Transcranial electric stimulation and cognitive training improves face perception
Authors: Bennetts, R., Penton, T., Kohl, C., Banissy, M. and Bate, S.
Start date: 24 August 2014
Place of Publication: London, UK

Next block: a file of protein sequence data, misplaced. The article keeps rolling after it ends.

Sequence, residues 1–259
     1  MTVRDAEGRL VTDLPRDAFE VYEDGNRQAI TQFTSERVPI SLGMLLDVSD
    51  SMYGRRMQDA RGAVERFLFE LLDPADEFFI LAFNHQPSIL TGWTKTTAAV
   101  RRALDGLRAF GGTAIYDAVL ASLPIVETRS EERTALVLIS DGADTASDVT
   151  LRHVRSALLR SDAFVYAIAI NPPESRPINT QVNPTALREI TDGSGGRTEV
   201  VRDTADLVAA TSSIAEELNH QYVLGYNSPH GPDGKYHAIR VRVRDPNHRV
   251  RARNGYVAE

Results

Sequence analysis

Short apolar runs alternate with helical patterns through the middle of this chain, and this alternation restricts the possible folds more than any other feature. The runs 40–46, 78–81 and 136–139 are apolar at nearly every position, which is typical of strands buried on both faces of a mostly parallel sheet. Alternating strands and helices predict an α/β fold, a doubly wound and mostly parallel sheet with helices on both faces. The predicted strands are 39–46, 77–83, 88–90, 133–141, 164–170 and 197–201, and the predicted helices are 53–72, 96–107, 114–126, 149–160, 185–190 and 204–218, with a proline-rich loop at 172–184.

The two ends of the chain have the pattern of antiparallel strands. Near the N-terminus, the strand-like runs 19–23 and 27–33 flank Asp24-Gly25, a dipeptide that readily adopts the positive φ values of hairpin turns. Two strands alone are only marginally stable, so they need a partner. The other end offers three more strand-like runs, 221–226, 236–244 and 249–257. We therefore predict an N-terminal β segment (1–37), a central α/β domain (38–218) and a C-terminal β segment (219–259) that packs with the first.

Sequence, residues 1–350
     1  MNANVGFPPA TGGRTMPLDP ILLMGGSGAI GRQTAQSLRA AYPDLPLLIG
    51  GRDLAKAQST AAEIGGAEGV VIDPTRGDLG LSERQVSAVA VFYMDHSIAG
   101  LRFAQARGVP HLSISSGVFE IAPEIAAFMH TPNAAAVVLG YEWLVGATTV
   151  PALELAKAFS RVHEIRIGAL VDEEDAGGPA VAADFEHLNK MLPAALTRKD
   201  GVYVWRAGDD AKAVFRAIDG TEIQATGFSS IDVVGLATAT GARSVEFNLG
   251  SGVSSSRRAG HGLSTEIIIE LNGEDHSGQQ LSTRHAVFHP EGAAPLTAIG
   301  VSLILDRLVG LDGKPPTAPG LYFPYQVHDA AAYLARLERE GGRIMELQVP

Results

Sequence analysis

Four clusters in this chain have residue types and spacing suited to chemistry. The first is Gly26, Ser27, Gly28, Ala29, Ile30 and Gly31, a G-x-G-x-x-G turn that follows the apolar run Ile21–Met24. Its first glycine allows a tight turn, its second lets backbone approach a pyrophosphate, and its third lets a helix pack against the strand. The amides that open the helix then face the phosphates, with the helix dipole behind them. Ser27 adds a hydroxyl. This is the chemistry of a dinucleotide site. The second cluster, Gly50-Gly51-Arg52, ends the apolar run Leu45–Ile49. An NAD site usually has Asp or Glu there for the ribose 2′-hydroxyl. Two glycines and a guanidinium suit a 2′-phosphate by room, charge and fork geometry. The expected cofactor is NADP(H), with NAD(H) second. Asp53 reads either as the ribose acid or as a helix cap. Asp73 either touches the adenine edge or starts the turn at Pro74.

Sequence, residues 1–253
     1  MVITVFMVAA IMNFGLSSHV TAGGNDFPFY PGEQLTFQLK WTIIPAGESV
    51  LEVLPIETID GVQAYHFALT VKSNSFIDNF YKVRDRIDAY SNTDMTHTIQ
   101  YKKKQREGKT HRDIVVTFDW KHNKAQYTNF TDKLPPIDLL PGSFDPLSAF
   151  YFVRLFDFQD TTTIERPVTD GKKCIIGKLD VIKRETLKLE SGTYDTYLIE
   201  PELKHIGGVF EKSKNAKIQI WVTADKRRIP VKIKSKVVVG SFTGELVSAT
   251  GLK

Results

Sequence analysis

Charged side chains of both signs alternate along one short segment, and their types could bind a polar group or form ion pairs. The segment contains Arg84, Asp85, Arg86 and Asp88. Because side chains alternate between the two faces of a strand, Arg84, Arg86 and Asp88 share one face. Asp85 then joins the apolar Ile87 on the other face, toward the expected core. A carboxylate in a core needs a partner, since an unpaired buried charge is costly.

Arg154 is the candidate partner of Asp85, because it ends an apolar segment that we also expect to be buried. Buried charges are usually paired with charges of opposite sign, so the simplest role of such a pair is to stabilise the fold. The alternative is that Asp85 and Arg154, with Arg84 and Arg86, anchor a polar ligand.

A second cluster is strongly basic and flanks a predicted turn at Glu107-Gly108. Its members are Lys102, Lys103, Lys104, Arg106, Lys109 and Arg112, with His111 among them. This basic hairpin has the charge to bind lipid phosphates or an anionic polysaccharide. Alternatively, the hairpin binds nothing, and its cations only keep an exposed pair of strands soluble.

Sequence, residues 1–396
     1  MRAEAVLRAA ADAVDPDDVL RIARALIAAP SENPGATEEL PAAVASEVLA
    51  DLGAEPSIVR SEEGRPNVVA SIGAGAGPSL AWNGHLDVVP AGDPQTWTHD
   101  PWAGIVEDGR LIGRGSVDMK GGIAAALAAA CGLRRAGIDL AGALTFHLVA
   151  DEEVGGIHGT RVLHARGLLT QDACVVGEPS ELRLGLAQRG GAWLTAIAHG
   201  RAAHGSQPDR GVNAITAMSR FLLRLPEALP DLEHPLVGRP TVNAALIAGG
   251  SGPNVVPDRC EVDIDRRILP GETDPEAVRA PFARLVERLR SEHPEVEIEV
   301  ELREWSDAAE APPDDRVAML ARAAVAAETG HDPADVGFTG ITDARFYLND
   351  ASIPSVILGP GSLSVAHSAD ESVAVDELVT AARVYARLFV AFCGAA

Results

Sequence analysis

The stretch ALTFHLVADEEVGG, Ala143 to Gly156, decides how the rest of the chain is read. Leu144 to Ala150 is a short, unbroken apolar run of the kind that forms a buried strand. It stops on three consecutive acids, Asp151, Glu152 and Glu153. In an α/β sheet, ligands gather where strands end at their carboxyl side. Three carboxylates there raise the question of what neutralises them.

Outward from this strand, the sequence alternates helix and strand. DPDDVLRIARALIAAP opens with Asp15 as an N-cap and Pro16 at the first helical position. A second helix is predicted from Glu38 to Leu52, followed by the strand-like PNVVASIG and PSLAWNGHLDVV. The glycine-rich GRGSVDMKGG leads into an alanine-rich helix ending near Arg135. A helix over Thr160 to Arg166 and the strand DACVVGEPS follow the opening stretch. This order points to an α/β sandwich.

Recently, there has been much interest the effectiveness of cognitive training programmes across a variety of cognitive and perceptual domains. Some evidence suggests that combining training programmes with noninvasive brain stimulation techniques such as transcranial random noise stimulation (tRNS) can enhance training gains, but to date this has only been examined in numerosity and arithmetic tasks. In this study, we examined whether tRNS modulated the effects of a face recognition training programme. Participants completed a face discrimination training task for an hour per day over five days. Each day, training was preceded by twenty minutes of active high frequency tRNS or sham stimulation, targeted at the posterior temporal cortices or the inferior frontal gyri (IFG). Participants who received active stimulation to the posterior temporal cortices showed significant improvement on a facial identity discrimination task (the Cambridge Face Perception Test) after training, whereas those receiving sham or IFG stimulation showed no performance change. There was no evidence of an effect of stimulation on a face memory task (the Cambridge Face Memory Test). These results suggest that tRNS can enhance the effectiveness of cognitive training programmes, but further work is needed to establish whether perceptual gains can be generalised to face memory.